WASHINGTON, April 28, 2011 ─ The World Bank today approved a $97.8 million IDA grant for the Irrigation Restoration and Development Project to support the Government of Afghanistan's continuing efforts to rehabilitate irrigation systems across the country, with the aim of increasing agricultural production.
The project builds upon and scales up activities supported under the ongoing World Bank-financed Emergency Irrigation Rehabilitation Project (EIRP). It will support the rehabilitation of irrigation systems serving some 300,000 hectares of land, design and construct a limited number of small multi-purpose dams and related works, while establishing hydro-meteorological facilities and services.
"Afghanistan is a primarily agrarian country where agriculture accounts for nearly 80 percent of the economy and up to 70 percent of the people live in the rural areas," said Nicholas Krafft, World Bank Country Director for Afghanistan. "Improving irrigation infrastructure is essential for food security, agricultural productivity and overall economic growth in the country. The project will scale up the Afghan government's efforts to bring more areas under irrigation, improve crop yields, and raise incomes for thousands of rural households who are solely dependent on agriculture for a living."
Most of the cereals and other crops grown in this largely arid country are cultivated on irrigated lands. However, the maintenance of Afghanistan's irrigation infrastructure has been greatly neglected during the decades of conflict and insurgency leaving irrigation systems in a state of disrepair. As a result, Afghanistan's irrigated area has decreased by almost 70 percent since the 1970s, and crop productivity fell to less than half of pre-war levels. In 2008, the wheat crop failed because the rainfall was too little and too late, resulting in a wheat deficit of over two million tons that endangered the country's food security.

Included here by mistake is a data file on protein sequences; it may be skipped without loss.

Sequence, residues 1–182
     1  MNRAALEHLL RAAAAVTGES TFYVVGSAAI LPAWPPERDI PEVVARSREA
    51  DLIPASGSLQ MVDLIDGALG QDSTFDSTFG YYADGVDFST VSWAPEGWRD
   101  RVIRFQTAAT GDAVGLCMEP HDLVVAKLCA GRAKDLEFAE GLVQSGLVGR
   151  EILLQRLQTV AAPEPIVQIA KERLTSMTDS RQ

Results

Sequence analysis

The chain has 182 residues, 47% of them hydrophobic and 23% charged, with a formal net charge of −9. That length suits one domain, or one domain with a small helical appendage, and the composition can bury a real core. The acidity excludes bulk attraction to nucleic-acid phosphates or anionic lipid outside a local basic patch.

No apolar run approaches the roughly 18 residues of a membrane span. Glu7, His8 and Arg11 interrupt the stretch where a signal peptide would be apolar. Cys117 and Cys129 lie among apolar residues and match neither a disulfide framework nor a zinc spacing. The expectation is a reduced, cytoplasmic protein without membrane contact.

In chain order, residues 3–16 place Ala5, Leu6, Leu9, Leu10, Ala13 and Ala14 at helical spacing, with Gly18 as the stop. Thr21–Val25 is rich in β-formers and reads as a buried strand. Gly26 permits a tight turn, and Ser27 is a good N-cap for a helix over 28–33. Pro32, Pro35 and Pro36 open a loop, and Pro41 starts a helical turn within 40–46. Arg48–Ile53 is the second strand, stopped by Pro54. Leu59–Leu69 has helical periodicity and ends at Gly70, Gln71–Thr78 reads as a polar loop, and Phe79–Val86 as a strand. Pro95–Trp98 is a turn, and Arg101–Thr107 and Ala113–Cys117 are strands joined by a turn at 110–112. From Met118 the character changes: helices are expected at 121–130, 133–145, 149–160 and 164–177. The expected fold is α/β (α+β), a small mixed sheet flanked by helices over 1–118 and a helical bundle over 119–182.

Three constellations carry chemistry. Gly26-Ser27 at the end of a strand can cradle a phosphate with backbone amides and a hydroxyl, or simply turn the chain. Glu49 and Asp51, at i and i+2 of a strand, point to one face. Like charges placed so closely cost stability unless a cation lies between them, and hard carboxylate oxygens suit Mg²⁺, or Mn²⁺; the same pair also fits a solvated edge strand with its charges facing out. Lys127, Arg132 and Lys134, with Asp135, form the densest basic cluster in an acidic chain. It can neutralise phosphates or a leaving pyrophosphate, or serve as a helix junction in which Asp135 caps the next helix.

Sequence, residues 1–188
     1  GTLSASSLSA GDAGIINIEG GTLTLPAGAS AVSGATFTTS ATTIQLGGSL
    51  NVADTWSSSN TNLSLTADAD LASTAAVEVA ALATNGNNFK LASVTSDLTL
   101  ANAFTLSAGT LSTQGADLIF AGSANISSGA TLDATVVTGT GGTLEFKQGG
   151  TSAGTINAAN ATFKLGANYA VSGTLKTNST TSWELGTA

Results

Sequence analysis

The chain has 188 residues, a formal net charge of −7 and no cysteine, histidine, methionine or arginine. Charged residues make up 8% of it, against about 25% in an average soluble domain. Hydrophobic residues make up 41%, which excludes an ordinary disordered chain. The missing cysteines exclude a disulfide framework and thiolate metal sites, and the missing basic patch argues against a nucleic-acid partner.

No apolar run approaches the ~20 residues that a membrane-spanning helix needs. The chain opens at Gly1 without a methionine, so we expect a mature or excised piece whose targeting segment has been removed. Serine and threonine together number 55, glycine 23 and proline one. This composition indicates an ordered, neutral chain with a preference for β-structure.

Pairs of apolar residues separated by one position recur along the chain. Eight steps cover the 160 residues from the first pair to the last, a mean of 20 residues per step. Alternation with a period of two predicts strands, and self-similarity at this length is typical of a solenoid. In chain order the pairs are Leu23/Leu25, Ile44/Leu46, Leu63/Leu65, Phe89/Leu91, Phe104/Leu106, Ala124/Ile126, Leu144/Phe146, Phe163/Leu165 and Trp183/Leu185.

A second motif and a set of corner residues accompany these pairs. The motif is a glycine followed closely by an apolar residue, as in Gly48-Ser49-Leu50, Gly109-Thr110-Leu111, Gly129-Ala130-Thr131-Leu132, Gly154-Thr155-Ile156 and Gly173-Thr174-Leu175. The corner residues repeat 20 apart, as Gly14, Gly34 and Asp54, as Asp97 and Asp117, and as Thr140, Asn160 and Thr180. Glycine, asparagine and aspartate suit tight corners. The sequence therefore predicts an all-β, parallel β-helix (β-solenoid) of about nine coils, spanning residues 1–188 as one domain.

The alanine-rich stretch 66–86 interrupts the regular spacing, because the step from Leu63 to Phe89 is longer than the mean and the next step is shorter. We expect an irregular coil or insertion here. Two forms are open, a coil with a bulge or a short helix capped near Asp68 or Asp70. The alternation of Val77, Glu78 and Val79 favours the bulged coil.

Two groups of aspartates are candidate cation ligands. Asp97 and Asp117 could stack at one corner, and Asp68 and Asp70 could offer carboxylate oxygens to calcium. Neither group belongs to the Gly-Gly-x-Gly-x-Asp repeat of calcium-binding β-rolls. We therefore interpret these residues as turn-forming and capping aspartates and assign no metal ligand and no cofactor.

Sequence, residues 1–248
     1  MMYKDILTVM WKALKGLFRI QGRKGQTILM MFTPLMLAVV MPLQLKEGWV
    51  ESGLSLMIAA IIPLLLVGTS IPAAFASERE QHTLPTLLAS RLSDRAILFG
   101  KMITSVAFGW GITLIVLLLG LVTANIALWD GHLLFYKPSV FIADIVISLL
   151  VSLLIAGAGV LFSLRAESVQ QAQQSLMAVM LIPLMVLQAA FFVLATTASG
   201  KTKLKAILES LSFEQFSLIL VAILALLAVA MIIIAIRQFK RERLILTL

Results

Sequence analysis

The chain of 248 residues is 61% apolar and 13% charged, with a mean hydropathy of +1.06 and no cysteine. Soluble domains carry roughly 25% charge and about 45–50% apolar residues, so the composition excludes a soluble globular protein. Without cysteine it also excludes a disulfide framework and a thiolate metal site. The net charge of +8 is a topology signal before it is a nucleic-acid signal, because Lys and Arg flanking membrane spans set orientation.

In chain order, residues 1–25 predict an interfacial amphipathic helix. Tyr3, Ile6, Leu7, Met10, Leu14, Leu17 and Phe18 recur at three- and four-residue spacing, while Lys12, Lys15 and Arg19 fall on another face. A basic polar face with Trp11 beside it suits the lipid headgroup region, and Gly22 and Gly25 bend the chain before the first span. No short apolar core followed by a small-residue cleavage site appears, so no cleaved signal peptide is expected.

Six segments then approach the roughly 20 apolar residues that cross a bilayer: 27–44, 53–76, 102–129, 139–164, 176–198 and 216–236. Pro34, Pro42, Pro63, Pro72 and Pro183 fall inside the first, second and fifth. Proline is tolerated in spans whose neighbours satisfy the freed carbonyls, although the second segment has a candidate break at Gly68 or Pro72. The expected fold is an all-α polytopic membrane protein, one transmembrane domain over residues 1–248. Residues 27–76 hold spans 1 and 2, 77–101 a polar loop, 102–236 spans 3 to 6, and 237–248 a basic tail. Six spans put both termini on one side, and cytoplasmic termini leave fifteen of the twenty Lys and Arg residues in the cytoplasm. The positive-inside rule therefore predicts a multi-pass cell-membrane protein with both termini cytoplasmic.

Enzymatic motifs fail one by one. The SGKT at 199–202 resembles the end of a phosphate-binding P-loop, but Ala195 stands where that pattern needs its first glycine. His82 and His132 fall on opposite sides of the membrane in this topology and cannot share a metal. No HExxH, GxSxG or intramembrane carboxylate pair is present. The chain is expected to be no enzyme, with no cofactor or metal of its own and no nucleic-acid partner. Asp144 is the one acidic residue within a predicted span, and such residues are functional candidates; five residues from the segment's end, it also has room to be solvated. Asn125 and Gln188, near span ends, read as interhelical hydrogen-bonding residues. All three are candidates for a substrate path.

In 2004, the World Bank financed the Emergency Irrigation Rehabilitation Project (EIRP) which has since become pivotal to the government efforts to revive agriculture in Afghanistan. The EIRP covers areas across the country and is designed to respond to the demands of local communities. To date, the project has helped rehabilitate irrigation systems of various sizes over half a million hectares of land. Monitoring data indicate that the area under irrigation has increased by nearly 140,000 hectares, crop yields of wheat, maize, rice, onion, potato, and cotton have increased substantially, and water-related disputes have shown a marked reduction. Over five and a half million Afghans have benefitted.
The Irrigation Restoration and Development Project will support the Afghan Government's efforts to:
- Further increase the irrigated area by about 15 percent
- Increase crop yields by at least 20 percent in project areas
- Reduce water-related disputes by at least 30 percent in these areas
- Prepare more cost-effective designs for the rehabilitation and development of irrigation systems using improved hydro-meteorological data
The project will be implemented by the Ministry of Energy and Water in close coordination with the Ministry of Agriculture, Irrigation, and Livestock. The overall cost of this six-year project is estimated at $148.70 million. In addition to the World Bank's grant of $97.8 million, the Government of Afghanistan is expected to contribute $2.5 million from its own resources. The remaining $48.4 million would be sought from the World Bank-administered Afghanistan Reconstruction Trust Fund (ARTF).
The International Development Association (IDA) is the World Bank's concessionary lending arm.